Evaluate a signiﬁcant experience, achievement, risk you have taken, or ethical dilemma you have faced and its impact on you.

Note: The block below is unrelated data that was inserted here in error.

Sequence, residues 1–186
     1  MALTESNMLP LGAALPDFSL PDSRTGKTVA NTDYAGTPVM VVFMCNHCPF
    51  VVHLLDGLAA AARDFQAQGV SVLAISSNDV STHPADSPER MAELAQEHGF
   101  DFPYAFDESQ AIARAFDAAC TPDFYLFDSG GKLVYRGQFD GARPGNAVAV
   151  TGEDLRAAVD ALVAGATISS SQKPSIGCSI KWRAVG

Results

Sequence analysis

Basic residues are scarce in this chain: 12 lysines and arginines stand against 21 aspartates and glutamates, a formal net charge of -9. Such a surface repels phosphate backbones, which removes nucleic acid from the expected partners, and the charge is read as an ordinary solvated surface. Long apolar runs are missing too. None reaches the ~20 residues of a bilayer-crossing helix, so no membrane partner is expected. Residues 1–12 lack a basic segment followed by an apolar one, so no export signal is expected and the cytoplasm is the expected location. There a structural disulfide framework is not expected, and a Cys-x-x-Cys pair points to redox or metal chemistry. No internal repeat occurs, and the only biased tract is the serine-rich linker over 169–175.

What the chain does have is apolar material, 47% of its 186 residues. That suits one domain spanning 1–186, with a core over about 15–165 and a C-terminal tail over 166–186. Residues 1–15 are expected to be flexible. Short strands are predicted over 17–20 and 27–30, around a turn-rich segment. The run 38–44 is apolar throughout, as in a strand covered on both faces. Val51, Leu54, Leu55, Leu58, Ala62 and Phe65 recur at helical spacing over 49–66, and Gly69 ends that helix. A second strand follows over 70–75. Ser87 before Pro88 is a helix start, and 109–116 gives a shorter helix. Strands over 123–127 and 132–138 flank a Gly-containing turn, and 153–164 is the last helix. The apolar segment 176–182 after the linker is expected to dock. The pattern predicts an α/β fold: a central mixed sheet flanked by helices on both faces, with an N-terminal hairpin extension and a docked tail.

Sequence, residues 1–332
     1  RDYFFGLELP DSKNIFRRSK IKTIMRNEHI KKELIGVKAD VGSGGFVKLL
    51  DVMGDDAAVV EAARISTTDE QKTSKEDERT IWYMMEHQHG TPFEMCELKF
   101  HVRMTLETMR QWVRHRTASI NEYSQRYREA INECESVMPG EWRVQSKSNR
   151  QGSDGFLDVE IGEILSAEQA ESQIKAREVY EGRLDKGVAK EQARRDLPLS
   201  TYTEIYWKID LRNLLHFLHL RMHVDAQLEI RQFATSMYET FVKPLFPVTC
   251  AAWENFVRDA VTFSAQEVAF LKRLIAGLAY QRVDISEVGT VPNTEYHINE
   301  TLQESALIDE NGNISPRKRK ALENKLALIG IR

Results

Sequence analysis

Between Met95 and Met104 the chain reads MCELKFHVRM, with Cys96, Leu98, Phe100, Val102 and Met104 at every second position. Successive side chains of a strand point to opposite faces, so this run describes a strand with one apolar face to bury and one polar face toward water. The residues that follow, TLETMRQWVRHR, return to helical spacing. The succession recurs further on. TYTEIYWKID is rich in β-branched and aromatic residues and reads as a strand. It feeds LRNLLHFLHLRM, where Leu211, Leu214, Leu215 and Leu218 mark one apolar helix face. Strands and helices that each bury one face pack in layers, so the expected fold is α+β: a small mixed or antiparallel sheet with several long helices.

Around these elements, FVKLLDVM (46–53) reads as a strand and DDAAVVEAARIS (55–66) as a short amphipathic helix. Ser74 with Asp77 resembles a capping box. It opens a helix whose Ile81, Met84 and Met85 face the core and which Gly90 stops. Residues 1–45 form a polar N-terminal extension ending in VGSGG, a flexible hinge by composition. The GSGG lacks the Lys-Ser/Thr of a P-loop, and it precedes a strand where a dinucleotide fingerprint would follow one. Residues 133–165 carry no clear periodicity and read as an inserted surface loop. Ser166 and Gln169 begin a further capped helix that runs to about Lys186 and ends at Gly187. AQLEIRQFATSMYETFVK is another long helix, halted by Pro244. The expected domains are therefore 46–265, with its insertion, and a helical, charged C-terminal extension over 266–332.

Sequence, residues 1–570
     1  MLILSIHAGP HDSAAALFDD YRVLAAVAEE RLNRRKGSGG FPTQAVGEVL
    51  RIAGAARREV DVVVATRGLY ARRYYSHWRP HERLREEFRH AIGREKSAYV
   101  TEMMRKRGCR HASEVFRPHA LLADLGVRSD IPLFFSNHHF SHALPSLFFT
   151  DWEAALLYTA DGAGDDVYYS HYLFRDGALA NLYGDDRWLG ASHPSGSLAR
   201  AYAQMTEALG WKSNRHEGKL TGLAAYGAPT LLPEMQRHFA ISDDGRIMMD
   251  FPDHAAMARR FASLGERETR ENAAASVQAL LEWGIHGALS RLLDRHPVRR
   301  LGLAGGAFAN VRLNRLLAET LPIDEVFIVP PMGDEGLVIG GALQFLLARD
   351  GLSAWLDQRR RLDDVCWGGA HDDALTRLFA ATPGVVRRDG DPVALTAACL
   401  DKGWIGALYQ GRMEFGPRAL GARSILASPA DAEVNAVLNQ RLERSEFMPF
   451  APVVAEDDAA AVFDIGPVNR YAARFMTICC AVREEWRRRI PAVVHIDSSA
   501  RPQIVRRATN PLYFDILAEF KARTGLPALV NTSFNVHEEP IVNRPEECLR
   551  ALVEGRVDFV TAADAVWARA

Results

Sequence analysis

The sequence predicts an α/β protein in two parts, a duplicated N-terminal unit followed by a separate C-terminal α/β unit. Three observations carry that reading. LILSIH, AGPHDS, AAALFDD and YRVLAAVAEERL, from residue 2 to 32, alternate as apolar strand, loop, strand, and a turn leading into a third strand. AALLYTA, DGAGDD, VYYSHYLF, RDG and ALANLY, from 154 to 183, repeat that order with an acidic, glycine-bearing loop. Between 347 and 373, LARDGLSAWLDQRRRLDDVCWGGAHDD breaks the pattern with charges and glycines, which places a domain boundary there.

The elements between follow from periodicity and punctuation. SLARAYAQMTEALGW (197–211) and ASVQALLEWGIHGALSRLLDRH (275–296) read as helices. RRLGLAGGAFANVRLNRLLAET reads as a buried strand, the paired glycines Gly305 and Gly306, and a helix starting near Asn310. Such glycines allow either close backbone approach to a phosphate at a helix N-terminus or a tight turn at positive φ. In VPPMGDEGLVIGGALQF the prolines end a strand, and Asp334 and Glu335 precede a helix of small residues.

My childhood dreams were built beside a bookshelf. Sitting cross-legged on the library floor immersed in science fiction, I dreamt of time-traveling tesseracts, of machines intelligent enough to raise families, of lunar colonies equipped with modern plumbing capabilities. It’s been over seven years since then, but I still pass the hours beside a bookshelf, although this time, I’m the one filling it, one newly labeled book at a time.Or at least that’s what I’m supposed to do. At times, the pressing urge to read overcomes common sense. My library “Volunteer” badge safely hidden in my pocket, I relive my childhood, desperately catching words as they leap off the pages only to materialize in my imagination as physical objects.Fridays always carry the musty scent of worn book covers. Books silently cry out my name as I search for them, armed only with a hierarchy of dots and digits I’ve written in my heart. 100 for Plato, 200 for Islam, 300 for Odysseus… Fingers grown adept at handling fragility, I gently flip through the yellowing pages, scanning for signs of damage. A minute passes. Then another. Seeing no evident need for book repair, I cross out “TESSARO, KATHLEEN” off the inventory list with a Sharpie. The sharp odor of the marker jars me from the peaceful lull of work. Yet, a certain feeling of serenity remains.Sometimes, when I’m working behind the circulation desk, I see the return flap open, a rush of sunlight, a book drop into the return tray, the briefest appearance of someone peering into the slit. The worried face of a mother. The weary face of a retiree. The stern face of a lawyer. Excited, I take a guess before looking at what was returned. A guide to parenting? A guide to gardening? Sherlock Holmes? And although I’m rarely right, I can at least smile at the fact that I’m not the only one with overdue fines.When gray clouds gather, I love lying there alone on the sofa beside the window, watching the orchard trees bend in the wind, listening to the drizzling rain beat their quirky rhythms on the rooftop. The library is my shield against Thursday thunderstorms and Monday melancholies, and I can always find refuge when I seek it. Not surprisingly, I know all the librarians by face; when they wake me from my nap in the armchair behind the Mystery Section, their smiles are the first things I see.In the clarity of such moments, I realize how I’ve lived the last four years of my life in a blur, rushing from orchestra rehearsals to debate tournaments, from English class to math club meetings. I’ve made good judgments, and I’ve made poor ones. I’ve experienced success, and I’ve also endured setbacks that almost convinced me to give it all up. But never, until this year, have I learned to slow down, to stop, to listen, to appreciate the small details in everyday life.My early time spent with books deeply shaped my love of reading, and in some ways, I’m still the same ten-year-old kid who finishes a new novel overnight, who renews a hold just to reread a favorite book for the fifth time. Yet, after a year of volunteering at the library, I’ve never felt more attentive, more at peace, more alive. Those quiet moments alone, among both written and unwritten stories, have brought balance to my life and taught me to treasure every moment of it, especially as the last days of high school slowly slip away. After all, the stories that speak loudest to us sometimes don’t speak at all.